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The Silence of the Sound

Having come of age in an era when the quality of sound was everything, I have long focused my life around the eminence of the sound(s) that I hear. For those of us who can remember, or for those of you who can’t, if you look back to the movies of the era you will see that people personally owned things like reel-to-reel players, the speakers were always large, and people really worked to get the sound of the music they played on their home systems as good as it could possibly be. A great movie to watch to witness this is Boogie Nights; especially where Don Cheadle’s character is selling stereo systems and hopes to, and eventually does, own his own stereo shop. People really cared about the quality of their sound.
 
From the standpoint of a musician, this was also true. We all did, (and I think people still do in this arena of life), work to get that perfect sound out of their guitar and other instruments. As a young man, I would save up to buy this guitar, that amp, or a specific effect pedal, that I just knew would provide me with that quality of sound I was trying to obtain. My friends and I would spend hours discussing the realities of sound and how to get the characteristic and excellence of the tones we desired.
 
Certainly, times have changed, and with that the minds of the masses have transformed. Digital altered everything. And yes, everything became so much easier to record and alter with that addition to our lives. But, I think back to the days when I owned one of the first prosumer, 4-Track reel-to-reel decks. I was so happy as I was finally able to record multiple tracks. I remember sitting for hours-upon-hours, sometimes days-upon-days, working to get a song laid down just right. Now, what took me days can happen in a few minutes. But, is the sound the same? No.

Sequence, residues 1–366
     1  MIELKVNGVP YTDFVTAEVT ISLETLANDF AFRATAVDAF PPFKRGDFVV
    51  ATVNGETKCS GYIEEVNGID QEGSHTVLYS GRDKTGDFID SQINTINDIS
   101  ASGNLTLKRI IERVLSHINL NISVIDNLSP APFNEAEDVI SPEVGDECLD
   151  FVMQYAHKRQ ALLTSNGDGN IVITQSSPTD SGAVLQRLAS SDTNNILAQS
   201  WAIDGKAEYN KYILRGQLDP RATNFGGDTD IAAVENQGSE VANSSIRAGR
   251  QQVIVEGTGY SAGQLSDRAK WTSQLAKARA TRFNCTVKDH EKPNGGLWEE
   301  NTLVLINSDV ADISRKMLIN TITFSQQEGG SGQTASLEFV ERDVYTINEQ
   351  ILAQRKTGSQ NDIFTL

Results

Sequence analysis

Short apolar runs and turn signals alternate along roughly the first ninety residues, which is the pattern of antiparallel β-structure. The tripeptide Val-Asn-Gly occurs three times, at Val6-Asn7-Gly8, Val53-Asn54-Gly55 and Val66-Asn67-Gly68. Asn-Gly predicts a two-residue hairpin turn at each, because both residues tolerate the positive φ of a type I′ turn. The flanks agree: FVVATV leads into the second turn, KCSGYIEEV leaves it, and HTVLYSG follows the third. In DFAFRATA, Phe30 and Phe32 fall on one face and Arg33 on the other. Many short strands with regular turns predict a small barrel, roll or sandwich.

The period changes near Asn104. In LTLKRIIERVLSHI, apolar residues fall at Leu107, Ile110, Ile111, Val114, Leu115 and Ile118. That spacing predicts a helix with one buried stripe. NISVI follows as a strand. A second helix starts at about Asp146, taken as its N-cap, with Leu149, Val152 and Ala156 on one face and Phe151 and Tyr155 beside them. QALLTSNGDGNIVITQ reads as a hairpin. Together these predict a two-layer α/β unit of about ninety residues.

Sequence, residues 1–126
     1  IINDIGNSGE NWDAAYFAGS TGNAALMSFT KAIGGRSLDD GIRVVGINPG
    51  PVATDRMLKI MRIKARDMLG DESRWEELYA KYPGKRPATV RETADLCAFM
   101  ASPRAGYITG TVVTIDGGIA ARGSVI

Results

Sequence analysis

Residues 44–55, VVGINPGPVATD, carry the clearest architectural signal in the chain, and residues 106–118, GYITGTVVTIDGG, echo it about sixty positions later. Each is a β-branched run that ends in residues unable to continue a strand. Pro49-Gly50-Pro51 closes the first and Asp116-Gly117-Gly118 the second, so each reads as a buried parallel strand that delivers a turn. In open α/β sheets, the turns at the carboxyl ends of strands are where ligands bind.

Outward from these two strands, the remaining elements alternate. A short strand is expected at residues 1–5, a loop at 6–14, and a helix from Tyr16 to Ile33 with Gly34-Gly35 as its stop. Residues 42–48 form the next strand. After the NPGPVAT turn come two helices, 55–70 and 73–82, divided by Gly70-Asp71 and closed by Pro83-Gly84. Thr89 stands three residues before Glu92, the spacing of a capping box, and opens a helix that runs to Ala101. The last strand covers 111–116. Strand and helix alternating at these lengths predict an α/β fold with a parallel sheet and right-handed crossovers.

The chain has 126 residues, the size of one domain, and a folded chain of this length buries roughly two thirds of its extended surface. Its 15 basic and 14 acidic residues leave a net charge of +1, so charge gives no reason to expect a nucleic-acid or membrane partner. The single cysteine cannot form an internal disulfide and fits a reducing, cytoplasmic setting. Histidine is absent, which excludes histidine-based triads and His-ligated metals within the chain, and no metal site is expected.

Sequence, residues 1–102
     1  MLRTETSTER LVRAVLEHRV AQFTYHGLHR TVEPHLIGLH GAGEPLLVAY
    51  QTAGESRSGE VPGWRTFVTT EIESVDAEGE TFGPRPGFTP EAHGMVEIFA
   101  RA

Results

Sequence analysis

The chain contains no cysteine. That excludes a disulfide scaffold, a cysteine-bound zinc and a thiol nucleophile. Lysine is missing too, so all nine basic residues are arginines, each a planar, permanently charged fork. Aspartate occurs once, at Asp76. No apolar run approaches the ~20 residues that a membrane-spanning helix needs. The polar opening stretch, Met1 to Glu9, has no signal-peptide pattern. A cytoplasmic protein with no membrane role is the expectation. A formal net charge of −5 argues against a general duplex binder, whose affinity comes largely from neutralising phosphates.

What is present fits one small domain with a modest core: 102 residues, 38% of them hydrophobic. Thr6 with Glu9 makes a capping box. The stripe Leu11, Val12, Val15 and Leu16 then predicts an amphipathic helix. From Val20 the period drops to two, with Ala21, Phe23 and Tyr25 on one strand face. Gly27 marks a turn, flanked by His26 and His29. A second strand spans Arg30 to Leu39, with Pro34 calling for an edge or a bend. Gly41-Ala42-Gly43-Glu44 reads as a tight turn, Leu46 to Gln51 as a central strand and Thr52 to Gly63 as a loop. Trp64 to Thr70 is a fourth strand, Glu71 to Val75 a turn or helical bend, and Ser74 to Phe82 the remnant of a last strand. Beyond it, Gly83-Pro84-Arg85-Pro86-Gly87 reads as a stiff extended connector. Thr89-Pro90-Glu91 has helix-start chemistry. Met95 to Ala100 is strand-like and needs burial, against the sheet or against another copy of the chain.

Then came the 4-Track cassette deck. I bought one of the first ones available in Tokyo, before they ever made it to the States. It was great! Recording on it became so much easier. Sadly, or maybe stupidly, I loaned it to a friend of mine who killed it. Sad, I really loved that deck. I wish I still had it today.
 
Yesterday, I was listing to the radio, as I was driving, and they played a song that the band had recorded on a vintage cassette deck. The sound was a bit gritty, but it really took me back to an era when you actually heard what you were listening to. A time when you (we all) actually listened for the subtleties of the sound.
 
I know a lot of musicians still hope to record on tape but now that has become very expensive. Well, high-functioning recording studios always have been expensive. But now, with so many people recording on their computer in their bedroom… …I don’t know, times have changed…
 
FYI: As I was speaking about RB7 yesterday… All the music for that was recorded on tape as was the music for Samurai Vampire Bikers from Hell, Samurai Ballet, and all my early Zen Films. If you truly listen, yes, there is a difference.
 
So, what is the point of all this blibber-blabber? It’s about you and how you encounter your life. When you listen to a song do you truly listen to it or do you just love or hate it and/or tap your feet to the beat? Really, how do you encounter your life. Do you allow it to be just a thoughtless passing presentation, taking what is given to you, but never studying any of the subtleties? Or, do you delve deeply in the sounds that you hear, the things that you see, the people that you meet, the air that you breathe, and all that you are given the opportunity to feel through your sensory perception?
 
You can live your life in oblivion. Most people do. Or, you can make it a true experiential experience.
 
How are you going to live today? What are actually going to hear? Your choice.